The number one draw has always been our pristine beaches and moderate weather.  We have dozens of beaches to visit while on Bermuda.  Two of my favorites are Horseshoe Bay Beach and Sea Glass Beach.  Horseshoe is one of the premiere beaches in the world. Wide, pink sands, clean and majestic…any trip to Bermuda necessitates a visit to one of the world’s most beloved beaches.  It continually ranks among the World’s Top Ten on just about everyone’s list.

Sea Glass Beach, is certainly not as well-known as Horseshoe, but for snorkelers it’s a slice of paradise.  The beach is home to bits-and-pieces of centuries of marine history.  Because of the ocean topography and tides, Sea Glass Beach is constantly churning-up pieces of glass, pottery, china and other interesting fragments of our nautical past that arrive near the shore from wrecks and age-old “garbage” thrown overboard by crews of former visiting vessels.

Accessibility is also a key factor as to why people visit Bermuda as we’re less than a two hour flight from many East Coast cities (Boston, New York, Philadelphia, Baltimore/Washington, Charlotte and Atlanta). Americans also clear U.S. customs before arriving back home which is a big draw.

For decades, Bermuda was known as a supreme destination for some of the world’s elite, and home to wealthy expats. Is that changing as economic power from the East grows?Are you facing competition from other destinations that are viewed as more trendy?

Bermuda now has many international businesses on our shores that have close ties to the East.  We welcome these connections.  However, our tourism destiny is directly tied to the United States, Canada and the UK.  Over 90% of our visitors arrive on our shores from these locations.  So our top priority, at this point in our economic revival, is to better link to these dynamic markets.  We are selling to audiences well within our reach and know our product.  We need to get on their “consideration list” again.

Bermuda wants to be known as an upscale luxury destination and we fully intend to compete with the elite upscale destinations in the world.  Remember, we still have all those beaches, golf courses, historic sites and nautical assets that propelled us onto the list of the world’s top destinations in the 60s, 70s and 80s.  We intend to return to that position in the global marketplace.

Is there a time of year that is more desirable to visit Bermuda?  Are there unique attractions and events travelers can enjoy in every season? How do hurricanes and severe storms impact visitation?

Bermuda truly is a year-round destination with short, daily nonstop flights from various cities in the US and Canada.There is no off-season in Bermuda.  The weather is more than acceptable year-round…in the mid-80s in August and the mid-60s in February.  I moved here from Upstate New York this past January.  We left three-feet of snow in our front yard with below-zero temperatures.  We arrived in Bermuda and for 30 days in a row the temperature rose to plus 65 degrees.  January through April are great times for: golf, scuba, arts and culture, visiting forts, plus beach walks during the day and beach fires at night.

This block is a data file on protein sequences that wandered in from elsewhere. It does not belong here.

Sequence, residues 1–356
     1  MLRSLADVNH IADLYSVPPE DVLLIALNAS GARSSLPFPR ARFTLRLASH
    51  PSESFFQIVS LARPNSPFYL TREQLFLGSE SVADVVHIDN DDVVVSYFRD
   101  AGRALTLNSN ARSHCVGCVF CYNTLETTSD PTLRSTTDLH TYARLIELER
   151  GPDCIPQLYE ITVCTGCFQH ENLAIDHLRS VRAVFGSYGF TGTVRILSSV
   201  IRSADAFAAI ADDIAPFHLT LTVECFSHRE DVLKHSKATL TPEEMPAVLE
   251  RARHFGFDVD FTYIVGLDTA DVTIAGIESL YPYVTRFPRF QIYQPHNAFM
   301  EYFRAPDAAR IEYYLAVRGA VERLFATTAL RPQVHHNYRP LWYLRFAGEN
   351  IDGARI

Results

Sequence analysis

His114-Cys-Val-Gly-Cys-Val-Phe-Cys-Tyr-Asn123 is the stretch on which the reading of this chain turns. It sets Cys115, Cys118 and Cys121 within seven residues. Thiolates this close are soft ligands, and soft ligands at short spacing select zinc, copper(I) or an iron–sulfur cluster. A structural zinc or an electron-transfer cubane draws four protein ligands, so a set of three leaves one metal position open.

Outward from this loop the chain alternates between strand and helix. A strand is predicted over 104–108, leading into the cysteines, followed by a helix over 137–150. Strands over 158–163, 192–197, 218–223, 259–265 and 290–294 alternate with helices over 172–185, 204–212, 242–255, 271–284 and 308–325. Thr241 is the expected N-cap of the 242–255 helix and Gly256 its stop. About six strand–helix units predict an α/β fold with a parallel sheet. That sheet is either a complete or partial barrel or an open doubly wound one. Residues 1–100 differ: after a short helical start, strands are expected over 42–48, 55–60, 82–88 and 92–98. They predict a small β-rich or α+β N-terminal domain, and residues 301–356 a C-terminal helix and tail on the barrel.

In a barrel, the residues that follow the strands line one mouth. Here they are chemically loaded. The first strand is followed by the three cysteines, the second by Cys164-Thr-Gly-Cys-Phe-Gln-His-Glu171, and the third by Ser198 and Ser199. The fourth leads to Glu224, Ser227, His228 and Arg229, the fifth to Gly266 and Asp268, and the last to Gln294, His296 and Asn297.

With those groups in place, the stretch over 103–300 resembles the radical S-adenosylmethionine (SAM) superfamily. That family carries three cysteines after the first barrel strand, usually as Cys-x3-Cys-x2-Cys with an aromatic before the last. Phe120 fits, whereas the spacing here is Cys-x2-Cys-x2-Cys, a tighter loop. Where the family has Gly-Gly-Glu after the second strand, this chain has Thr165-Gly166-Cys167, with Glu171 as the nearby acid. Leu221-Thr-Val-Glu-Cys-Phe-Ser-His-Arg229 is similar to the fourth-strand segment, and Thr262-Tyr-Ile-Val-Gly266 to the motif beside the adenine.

I’m also compelled to mention the Bermuda Festival which is now in its 40th year and is one of our premier cultural events. The Festival presents a culturally diverse collection of illustrious performing artists from around the world during a four weeks run starting in mid-January.  The Festival rivals some of the finest artistic offering of any destination.  This year some of the artists include:  Yo-Yo Ma, Rebecca Faulkenberry, Ellis Marsalis, the English Chamber Orchestra and China Circus.

How would you describe the people of Bermuda?  What are some of the culturally and historically significant places and things visitors should experience?

Bermuda has been known for decades as a nation of hospitable people.  In fact, in survey after survey, one of our greatest tourism assets is our emphasis on friendliness and service.  It’s in the country’s DNA and every resident is well aware of the economic value of tourism, so there is a continuing emphasis on this asset.  The new Bermuda Tourism Authority intends to build on this commitment to quality customer service as we work with the hospitality industry and the public education system on-island implementing an array of new education and training initiatives.

We like to call it:  “Proper Fun”, this wonderful synthesis of British culture and island vibe that best describes the Bermuda experience.  So in one day you can visit a British Fort, have high tea in the afternoon, have a quite dinner of authentic island fare and then dance the night away to Calypso music on the beach.              

What’s the best and most economical way to get around Bermuda? How safe are those scooters you see everywhere?

We have a wonderful fleet of service-oriented taxi drivers who know the island’s history and its most interesting attractions like the back of their hand.  I consider them an important part of our Island’s hospitality equation.

You can’t miss a ride on our highly efficient ferry service.  No visit to Bermuda would be complete without a ferry trip to Dockyards on the Hamilton Ferry.  You’ll navigate through some of the finest yachting and sailing waters in the world on your way to a former British naval base that to this day reflects the majesty of the Royal Navy in the 18th and 19th century. It’s a fun and affordable way to explore the island and mingle with the local community; and the views can be stunning.

As for scooters, many of our visitors totally enjoy the freedom that comes with this mode of transportation.  However, if you haven’t had much experience on a motor bike or driving on the left side of the road, I would leave it to the safety of taxis and the ferry.  No reason to spoil a wonderful vacation on our island paradise.

Where do you recommend visitors seek accommodations?  What are some options on the luxury side, middle of the road and cheap deals, particularly for younger travelers and students?